[R] color.ramp in maptools

Roger Bivand Roger.Bivand at nhh.no
Fri Mar 26 18:56:54 CET 2004

On Fri, 26 Mar 2004, Marco Albani wrote:

> Dear list members,
> I am trying to use the maptools library to display geographical data. At 
> the moment I have some trouble understanding how the " auxvar " variable 
> is supposed to be used in the plot.Map function.
> I am using R Version 1.8.1  (2003-11-21) on Linux
> Looking at the plot.Map function itself, I see that it calls a 
> color.ramp function (I am reporting only the relevant part here):
> ...
>      if (attr(theMap$Shapes, "shp.type") == "poly") {
>          if (!is.null(auxvar) && nclass > 1) {
>              col.rmp <- color.ramp(nclass, nvec = auxvar)
>              for (i in recs) {
> ...
> I don't seem to be able to get any information on this color.ramp 
> function. In fact the function doesn't seem to exist if I search for it 
> with ls()
> Does anyone have any insight?

The function is not exported in the package namespace (you can read it
using the ::: operator: maptools:::color.ramp will display it). Its usage
is: color.ramp(nclass,color='red',nvec=NULL,type='q'), where: nclass is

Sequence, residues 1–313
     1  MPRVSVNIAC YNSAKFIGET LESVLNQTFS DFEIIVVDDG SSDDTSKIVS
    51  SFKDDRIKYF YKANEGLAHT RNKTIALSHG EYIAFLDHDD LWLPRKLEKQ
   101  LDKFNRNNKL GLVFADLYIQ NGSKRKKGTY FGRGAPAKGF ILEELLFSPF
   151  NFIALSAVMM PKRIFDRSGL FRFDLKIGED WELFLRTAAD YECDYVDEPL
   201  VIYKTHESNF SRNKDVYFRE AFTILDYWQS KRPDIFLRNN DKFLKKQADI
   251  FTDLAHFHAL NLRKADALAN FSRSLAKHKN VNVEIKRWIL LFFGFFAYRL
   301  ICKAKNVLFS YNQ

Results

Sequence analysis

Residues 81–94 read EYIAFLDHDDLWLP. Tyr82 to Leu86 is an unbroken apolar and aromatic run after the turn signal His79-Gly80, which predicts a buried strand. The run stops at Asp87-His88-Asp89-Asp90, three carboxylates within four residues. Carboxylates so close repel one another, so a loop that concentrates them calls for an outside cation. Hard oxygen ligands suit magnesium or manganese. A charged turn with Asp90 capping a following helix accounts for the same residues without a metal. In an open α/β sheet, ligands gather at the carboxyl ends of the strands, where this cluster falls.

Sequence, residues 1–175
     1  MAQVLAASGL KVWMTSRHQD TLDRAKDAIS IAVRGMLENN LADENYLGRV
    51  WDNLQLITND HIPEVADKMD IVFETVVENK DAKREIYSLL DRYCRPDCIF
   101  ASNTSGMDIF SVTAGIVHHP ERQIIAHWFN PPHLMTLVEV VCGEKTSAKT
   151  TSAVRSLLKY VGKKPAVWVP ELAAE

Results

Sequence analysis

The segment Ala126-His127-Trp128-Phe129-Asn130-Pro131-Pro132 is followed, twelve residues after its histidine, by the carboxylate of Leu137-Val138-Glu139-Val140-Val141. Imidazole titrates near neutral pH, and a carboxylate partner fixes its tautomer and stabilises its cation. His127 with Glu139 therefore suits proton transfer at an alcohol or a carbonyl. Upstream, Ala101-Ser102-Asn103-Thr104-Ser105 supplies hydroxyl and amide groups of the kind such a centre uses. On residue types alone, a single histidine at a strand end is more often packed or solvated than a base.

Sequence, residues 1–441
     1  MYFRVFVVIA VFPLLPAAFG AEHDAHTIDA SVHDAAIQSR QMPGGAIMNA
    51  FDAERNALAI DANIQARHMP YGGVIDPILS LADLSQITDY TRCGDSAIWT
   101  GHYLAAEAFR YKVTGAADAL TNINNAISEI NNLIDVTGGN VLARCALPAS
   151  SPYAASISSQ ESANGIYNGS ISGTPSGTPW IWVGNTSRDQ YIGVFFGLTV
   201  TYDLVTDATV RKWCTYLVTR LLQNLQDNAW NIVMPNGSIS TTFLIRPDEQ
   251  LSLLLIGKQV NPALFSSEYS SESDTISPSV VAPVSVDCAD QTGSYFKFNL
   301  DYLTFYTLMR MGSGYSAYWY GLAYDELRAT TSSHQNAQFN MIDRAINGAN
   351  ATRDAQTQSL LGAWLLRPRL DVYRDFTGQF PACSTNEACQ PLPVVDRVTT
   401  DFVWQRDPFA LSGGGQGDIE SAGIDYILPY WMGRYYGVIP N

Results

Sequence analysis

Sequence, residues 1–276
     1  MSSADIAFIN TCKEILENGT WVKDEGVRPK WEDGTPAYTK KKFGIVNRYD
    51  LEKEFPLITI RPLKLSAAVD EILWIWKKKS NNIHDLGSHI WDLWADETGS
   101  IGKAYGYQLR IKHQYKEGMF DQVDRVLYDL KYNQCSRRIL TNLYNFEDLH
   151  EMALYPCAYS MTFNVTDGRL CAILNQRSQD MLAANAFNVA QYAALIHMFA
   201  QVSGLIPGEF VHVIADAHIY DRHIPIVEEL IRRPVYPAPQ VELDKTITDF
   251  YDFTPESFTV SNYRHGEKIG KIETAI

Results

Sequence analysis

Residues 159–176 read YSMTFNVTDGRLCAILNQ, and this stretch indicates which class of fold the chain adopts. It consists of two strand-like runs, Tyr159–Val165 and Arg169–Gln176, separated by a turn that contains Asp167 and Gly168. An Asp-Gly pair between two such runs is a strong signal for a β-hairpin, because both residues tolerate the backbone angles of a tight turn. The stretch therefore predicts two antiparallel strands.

the number of classes desired in the ramp; color is the base color to
build the ramp on; nvec is the numeric vector (or factor) from which to 
build the ramp; and type is the type of binning procedure to use (default 
quantiles, if set to "e", it will use equal-sized bins.). 

In general, most users quantize and colour using the fg= argument to
plot.Map() directly, so the color.ramp() arguments to plot.Map() are
seldom used, which is also why the function is not documented or exported
to user space. color.ramp() uses cut() internally to assign the variable 
to intervals, while the prefered function in user space is findInterval(), 
used for tabular lookup in a colour table. I hope this provides the 
information you might need - my general advice would be to create the 
interval breaks before calling plot.Map(), setting:

fg=cols[findInterval(x=nvec, vec=breaks, all.inside=TRUE)]

for numeric variables and a chosen colour palette (see RColorBrewer), and 
using the levels of factors as appropriate for factors (more or less as 
in the example for plot.Map()).

Thanks for choosing a very specific and accurate subject!

Roger Bivand
Economic Geography Section, Department of Economics, Norwegian School of
Economics and Business Administration, Breiviksveien 40, N-5045 Bergen,
Norway. voice: +47 55 95 93 55; fax +47 55 95 93 93
e-mail: Roger.Bivand at nhh.no

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